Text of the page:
Romeo and Juliet (1968) is Florentine director Franco Zeffirelli's beautiful modern interpretation of Shakespeare's enduring, classic yet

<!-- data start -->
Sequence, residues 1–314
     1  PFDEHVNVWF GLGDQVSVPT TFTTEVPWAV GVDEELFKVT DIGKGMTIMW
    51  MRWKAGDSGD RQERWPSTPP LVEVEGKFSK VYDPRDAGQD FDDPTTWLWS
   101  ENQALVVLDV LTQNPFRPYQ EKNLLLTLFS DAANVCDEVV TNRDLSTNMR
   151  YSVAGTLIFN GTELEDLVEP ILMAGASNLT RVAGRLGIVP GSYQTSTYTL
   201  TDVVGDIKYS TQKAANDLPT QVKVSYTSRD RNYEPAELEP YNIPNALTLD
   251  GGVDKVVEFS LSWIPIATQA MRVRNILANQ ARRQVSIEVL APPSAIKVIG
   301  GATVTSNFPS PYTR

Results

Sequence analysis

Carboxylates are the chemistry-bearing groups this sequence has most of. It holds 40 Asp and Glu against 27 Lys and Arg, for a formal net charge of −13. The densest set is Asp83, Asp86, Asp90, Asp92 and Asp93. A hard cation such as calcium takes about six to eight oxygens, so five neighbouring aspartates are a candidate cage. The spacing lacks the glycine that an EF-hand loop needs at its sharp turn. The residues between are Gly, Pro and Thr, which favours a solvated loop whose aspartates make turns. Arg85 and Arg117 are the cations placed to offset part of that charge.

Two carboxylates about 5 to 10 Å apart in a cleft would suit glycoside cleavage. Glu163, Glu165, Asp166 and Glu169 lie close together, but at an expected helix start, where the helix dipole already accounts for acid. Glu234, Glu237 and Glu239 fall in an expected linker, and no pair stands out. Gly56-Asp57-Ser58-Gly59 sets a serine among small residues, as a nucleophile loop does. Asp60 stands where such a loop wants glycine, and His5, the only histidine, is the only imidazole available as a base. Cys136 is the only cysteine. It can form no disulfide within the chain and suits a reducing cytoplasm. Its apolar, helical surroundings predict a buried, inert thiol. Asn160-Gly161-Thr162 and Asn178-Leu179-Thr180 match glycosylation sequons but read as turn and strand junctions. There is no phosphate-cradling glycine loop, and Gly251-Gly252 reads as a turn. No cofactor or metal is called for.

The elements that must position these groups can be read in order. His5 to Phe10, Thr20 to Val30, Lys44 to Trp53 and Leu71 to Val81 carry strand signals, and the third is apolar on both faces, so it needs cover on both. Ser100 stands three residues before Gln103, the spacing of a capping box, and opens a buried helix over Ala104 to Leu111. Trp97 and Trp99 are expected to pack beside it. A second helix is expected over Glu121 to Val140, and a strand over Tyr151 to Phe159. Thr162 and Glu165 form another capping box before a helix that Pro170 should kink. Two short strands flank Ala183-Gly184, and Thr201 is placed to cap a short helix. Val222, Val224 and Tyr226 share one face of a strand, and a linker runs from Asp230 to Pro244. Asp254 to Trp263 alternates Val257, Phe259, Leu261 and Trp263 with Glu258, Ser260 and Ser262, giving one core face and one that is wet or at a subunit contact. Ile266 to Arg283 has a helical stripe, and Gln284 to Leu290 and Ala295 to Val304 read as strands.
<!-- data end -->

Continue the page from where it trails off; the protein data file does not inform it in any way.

tragic love story of "star-crossed lovers." Filmed on location in Italy, it was the most commercially successful Shakespeare film and its most entertaining, refreshing and natural rendition - a passionate celebration of young love. The film won four Academy Award nominations for Best Picture, Director, Cinematography (Pasqualino De Santis), and Costume Design (Danilo Donati), winning two Oscars - Best Cinematography and Costume Design. Nino Rota's evocative musical score, including a period ballad "What is a Youth" (with lyrics by Eugene Walter) was un-nominated. The earlier 1936 MGM, George Cukor-directed version of the film, starring Leslie Howard and Norma Shearer, or the 1954 British-Italian version (with Laurence Harvey and Susan Shentall as the lovers) cast much older, more mature lovers in the starring roles. The story was refashioned in director Robert Wise's and Jerome Robbins' West Side Story (1961) as a tragic tale of conflict between two warring rival NYC gangs, with Richard Beymer and Natalie Wood. It was recently remodeled with a radical, MTV-style and rock soundtrack in Baz Luhrmann's unconventional William Shakespeare's Romeo + Juliet (1996), starring Leonard DiCaprio and Claire Danes as the young lovers in a late 20th century setting. With brilliant forethought, Zeffirelli gambled by filling the two starring lead roles with two young unknown and fresh-faced teenage actors: 16-year old Olivia Hussey as the stunningly beautiful, dark-haired Juliet (just a few years older than Shakespeare's Juliet - a "fortnight and odd days" from 14), and 17-year old, slender and blue-eyed Leonard Whiting as Romeo. It retained the exciting feuding scenes between hot-headed members of the opposing families, the ineffectual but well-intentioned Friar Laurence, Juliet's bawdy Nurse, and the double-suicide of the youths. Laurence Olivier served as the uncredited off-screen narrator. Although much of Shakespeare's dialogue was cut for the film (including much of Juliet's potion speech in Act IV, Scene 3, and the death of Paris in Act V, Scene 3), it appealed to the youthful, counter-cultural generation of the late 60s with its realism, the passion of the lovers, the brief nudity of the couple on their wedding night (morning), and its contemporary feel. The film's reinterpreted modern message, coupled with youthful, idealistic, yet strong-willed and rebellious heroes heralding dreams of peace, love, and freedom, have made the two lead characters representative, anti-establishment icons. The opening prologue sets the scene, outlines the action of the play and the ongoing, bloody feud which has broken out between two important families in Renaissance Verona, the poignant premonition that "star-crossed lovers" [Romeo - son of the Montague family, and Juliet daughter of the Capulet family] will die by the tragedy's end, and the reconciliation of the two bitter, warring families. Prologue: Two households both alike in dignity, In fair Verona where we lay our scene, From ancient grudge break to new mutiny.